For a permutation group
K
and subgroupsG
,H
, the commutator ofG
andH
is defined as the group generated by all the commutators \([g, h] = hgh^{1}g^{1}\) forg
inG
andh
inH
. It is naturally a subgroup ofK
([1], p.27).See also
Notes
The commutator of two subgroups \(H, G\) is equal to the normal closure of the commutators of all the generators, i.e. \(hgh^{1}g^{1}\) for \(h\) a generator of \(H\) and \(g\) a generator of \(G\) ([1], p.28)
Examples
>>> from sympy.combinatorics.named_groups import (SymmetricGroup, ... AlternatingGroup) >>> S = SymmetricGroup(5) >>> A = AlternatingGroup(5) >>> G = S.commutator(S, A) >>> G.is_subgroup(A) True

contains
(g, strict=True)[source]¶ Test if permutation
g
belong to self,G
.If
g
is an element ofG
it can be written as a product of factors drawn from the cosets ofG
’s stabilizers. To see ifg
is one of the actual generators defining the group useG.has(g)
.If
strict
is notTrue
,g
will be resized, if necessary, to match the size of permutations inself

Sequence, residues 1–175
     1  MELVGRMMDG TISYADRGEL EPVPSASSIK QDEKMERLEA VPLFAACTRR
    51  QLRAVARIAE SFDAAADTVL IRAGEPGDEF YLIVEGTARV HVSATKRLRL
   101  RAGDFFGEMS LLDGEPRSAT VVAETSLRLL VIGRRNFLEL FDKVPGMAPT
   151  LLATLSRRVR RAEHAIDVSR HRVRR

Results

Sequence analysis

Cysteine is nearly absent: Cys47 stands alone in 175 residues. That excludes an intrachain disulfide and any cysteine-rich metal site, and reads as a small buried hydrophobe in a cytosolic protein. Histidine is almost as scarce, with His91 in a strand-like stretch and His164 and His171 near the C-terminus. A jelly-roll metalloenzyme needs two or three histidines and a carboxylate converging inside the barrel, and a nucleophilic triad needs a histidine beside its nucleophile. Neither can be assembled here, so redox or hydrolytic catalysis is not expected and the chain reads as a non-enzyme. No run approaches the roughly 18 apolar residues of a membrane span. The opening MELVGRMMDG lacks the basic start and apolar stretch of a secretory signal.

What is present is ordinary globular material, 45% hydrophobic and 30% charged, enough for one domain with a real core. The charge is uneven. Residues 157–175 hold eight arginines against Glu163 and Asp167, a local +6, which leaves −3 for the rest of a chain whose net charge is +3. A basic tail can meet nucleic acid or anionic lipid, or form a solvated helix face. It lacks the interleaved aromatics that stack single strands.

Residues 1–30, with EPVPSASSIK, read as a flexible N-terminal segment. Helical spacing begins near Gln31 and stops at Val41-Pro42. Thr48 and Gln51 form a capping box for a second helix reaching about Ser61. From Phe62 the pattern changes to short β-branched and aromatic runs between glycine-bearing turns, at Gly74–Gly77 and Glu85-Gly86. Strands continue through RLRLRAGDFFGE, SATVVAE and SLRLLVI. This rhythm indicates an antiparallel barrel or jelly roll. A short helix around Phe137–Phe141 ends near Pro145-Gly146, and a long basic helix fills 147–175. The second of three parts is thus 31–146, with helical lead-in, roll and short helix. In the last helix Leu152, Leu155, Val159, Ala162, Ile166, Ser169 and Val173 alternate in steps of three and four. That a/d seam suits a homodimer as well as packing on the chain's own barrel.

.See also
coset_factor
,has
,in
Examples
>>> from sympy.combinatorics import Permutation >>> Permutation.print_cyclic = True >>> from sympy.combinatorics.perm_groups import PermutationGroup
>>> a = Permutation(1, 2) >>> b = Permutation(2, 3, 1) >>> G = PermutationGroup(a, b, degree=5) >>> G.contains(G[0]) # trivial check True >>> elem = Permutation([[2, 3]], size=5) >>> G.contains(elem) True >>> G.contains(Permutation(4)(0, 1, 2, 3)) False
If strict is False, a permutation will be resized, if necessary:
>>> H = PermutationGroup(Permutation(5)) >>> H.contains(Permutation(3)) False >>> H.contains(Permutation(3), strict=False) True
To test if a given permutation is present in the group: